Mazda Miata Too Big? Take a Shot at the Suzuki Cappuccino

Practically every list of affordable sports cars mentions the Mazda Miata, and for good reason. But new or used, it’s not the only convertible sports car out there. It’s not even the only Japanese option—it’s just that some never made it overseas. Thanks to the 25-year rule, though, these JDM rear-wheel-drive roadsters can now make it onto US roads. That means driving enthusiasts can finally get a taste of the Suzuki Cappuccino.

A Suzuki Cappuccino is like a smaller-scale turbocharged Mazda Miata

Two red 1991 Suzuki Cappucinos--one with its roof up, one with its roof down--next to a harbor
1991 Suzuki Cappucino | Suzuki

On a basic level, the 1991-1997 Suzuki Cappuccino shares a few things with the Mazda Miata. Both are front-engine, RWD convertible sports cars with relatively modest power. However, park them next to each other and their differences become clear. And the biggest one is that the Cappuccino is scaled “like a Mazda Miata that was left in the dryer,” Hagerty points out.

That size difference is because the Suzuki Cappuccino is a kei car. In Japan, space is at a premium. And after WWII, the country needed cheap and frugal ways of getting around. These needs spawned the ‘kei car’ vehicle class, which is still around today. Government regulations mean these cars are tiny and pack motorcycle-sized engines. But the owners benefit from inexpensive transportation that’s cheap to insure and run, not to mention easier to park.

And kei sports cars like the Suzuki Cappuccino enjoy a few more benefits. Although it’s less than 11’ long and 5’ wide, it’s also light. Depending on the trim, the Cappuccino “barely” weighs 1540 lbs, AutoExpress reports. True, it’s not as fast in a straight line as even an NA Mazda MX-5 Miata. But its 657cc three-cylinder engine is turbocharged, so it makes 64 hp and 76 lb-ft of torque in 1995-and-later, Driving.ca says. And with a bit of tuning, you can get 90 hp at the rear wheels, Road & Track reports.

Plus, like the NA Mazda Miata, the Suzuki Cappuccino has a five-speed manual and fully independent suspension. Some trims even offered limited-slip differentials. All Cappuccinos, though, have 50:50 weight distribution, Hagerty notes. So, like the Miata, they’re also a hoot to drive.

The most practical ‘ABC’ RWD kei sports car doesn’t skimp on fun, Hagerty says

Given that kei cars were originally designed for fairly utilitarian reasons, the idea of a kei sports car might seem odd. But it’s worth remembering that the Suzuki Cappuccino dates back to the ‘bubble economy’ era. Flush with cash, Japanese automakers could indulge in ‘less practical’ projects. Say, a convertible, RWD kei car.

The Cappuccino wasn’t the only kei sports car available at the time, though. There was also the mid-engine Honda Beat, another convertible. And those who wanted the supercar experience in a tiny package could get the Autozam AZ-1. If you hear someone talk about an ‘ABC kei car,’ they’re referring to these three.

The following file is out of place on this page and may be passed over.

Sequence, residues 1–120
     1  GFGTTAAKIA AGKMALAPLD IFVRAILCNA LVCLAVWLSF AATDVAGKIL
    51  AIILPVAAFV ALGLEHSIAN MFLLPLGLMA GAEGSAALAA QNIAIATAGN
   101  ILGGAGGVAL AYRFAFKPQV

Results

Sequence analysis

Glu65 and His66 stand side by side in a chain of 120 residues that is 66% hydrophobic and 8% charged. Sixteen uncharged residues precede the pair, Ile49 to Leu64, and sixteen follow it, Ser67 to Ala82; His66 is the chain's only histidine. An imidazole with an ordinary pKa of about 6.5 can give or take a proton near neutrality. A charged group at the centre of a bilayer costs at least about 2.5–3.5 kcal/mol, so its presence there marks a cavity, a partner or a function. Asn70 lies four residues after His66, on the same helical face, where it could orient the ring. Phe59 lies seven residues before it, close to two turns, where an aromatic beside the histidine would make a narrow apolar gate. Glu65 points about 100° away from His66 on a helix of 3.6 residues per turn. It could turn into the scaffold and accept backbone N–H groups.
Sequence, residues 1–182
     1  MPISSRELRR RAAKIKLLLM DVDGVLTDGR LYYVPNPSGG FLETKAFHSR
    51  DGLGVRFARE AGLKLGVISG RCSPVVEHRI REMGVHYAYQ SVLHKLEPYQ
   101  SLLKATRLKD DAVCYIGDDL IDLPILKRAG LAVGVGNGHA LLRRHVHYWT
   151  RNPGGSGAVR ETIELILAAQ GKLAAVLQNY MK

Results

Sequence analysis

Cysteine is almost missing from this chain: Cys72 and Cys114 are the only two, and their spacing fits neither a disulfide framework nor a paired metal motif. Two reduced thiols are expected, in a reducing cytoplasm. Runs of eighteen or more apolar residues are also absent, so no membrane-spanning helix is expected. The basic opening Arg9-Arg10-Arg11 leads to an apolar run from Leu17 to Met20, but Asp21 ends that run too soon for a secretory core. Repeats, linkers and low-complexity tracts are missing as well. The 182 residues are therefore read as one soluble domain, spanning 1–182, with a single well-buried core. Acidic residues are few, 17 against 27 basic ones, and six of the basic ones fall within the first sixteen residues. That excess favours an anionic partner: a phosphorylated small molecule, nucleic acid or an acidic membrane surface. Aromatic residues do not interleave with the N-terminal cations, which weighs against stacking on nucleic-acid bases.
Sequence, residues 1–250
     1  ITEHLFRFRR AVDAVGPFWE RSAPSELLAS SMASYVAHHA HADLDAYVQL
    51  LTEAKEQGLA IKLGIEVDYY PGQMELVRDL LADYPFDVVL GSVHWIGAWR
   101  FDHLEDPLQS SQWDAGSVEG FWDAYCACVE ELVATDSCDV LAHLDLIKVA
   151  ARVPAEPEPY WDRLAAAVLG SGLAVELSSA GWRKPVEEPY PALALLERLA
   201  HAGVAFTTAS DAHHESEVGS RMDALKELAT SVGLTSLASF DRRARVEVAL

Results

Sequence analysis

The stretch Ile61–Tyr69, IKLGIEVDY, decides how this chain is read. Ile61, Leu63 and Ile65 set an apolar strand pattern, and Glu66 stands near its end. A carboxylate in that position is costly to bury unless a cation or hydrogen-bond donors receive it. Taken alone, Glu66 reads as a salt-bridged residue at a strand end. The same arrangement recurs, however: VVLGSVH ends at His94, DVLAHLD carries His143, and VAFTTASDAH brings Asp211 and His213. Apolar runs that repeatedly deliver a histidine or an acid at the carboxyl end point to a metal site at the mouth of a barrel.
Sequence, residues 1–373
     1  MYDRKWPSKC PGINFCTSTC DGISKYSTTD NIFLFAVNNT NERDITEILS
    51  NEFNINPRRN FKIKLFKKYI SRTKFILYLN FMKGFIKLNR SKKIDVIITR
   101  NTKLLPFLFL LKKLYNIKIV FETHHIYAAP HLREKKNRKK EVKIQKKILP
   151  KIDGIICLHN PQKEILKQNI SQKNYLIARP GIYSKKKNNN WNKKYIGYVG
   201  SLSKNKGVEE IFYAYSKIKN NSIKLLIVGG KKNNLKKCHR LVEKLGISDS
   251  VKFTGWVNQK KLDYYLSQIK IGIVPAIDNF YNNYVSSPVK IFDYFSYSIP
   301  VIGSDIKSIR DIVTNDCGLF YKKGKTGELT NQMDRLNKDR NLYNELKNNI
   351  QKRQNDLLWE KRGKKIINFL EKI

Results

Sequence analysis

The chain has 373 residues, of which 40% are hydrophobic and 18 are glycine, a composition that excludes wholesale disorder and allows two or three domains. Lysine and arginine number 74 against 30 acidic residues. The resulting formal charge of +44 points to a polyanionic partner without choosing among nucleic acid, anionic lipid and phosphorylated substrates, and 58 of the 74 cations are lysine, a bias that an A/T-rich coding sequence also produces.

While the Suzuki Cappuccino doesn’t have the AZ-1’s gullwing doors or the Beat’s mid-engine layout, it does have more torque. Combined with a lower curb weight and a wider power band, that makes it faster than the Beat, Hagerty says. It also has a larger trunk than either of the other two ABC cars, making it arguably the most practical. Plus, the Cappuccino’s roof is configurable—you can take it off or turn it into a T-top or Targa roof. And you can store it in the trunk, just like in the C8 Corvette.

But you don’t buy a kei sports car for practicality—you buy it for the experience. And the Suzuki Cappuccino delivers on that promise. The suspension and tires offer a surprising amount of grip, while the steering is “sharp and precise,” AutoExpress reports. Being narrow, the Cappuccino is easy to position within a lane or a corner. And its low ride height amplifies the sense of speed. If you love how the Mazda Miata handles, you’ll enjoy this Suzuki, too.

How much is a Suzuki Cappuccino worth?

The rear 3/4 view of a red 1993 Suzuki Cappuccino with a black roof in a parking lot
1993 Suzuki Cappuccino rear 3/4 | Bring a Trailer

All but the very last Suzuki Cappuccinos are eligible to import. And unlike the AZ-1 and the Beat, a few Cappuccinos were sold outside of Japan—specifically, in the UK. The downside is that UK-market ones offer fewer color options, AutoExpress notes.

Whether UK- or Japan-market, Cappuccinos tend to be fairly affordable. Most examples from importers like Toprank Importers and Duncan Imports go for $10,000-$12,000. But Cappuccinos on auction sites like Bring a Trailer and Cars & Bids often go for $6000-$10,000. And as long as they’ve been properly maintained, they’re reliable cars. However, if you plan on modifying the engine, Hagerty recommends going with the 1991-1994 models. Their ‘F6A’ engines only make 63 lb-ft of torque, but they can stand up to more mods.

Regardless, if you want Mazda Miata fun concentrated into a smaller, more unusual package, the Suzuki Cappuccino might be worth a shot.

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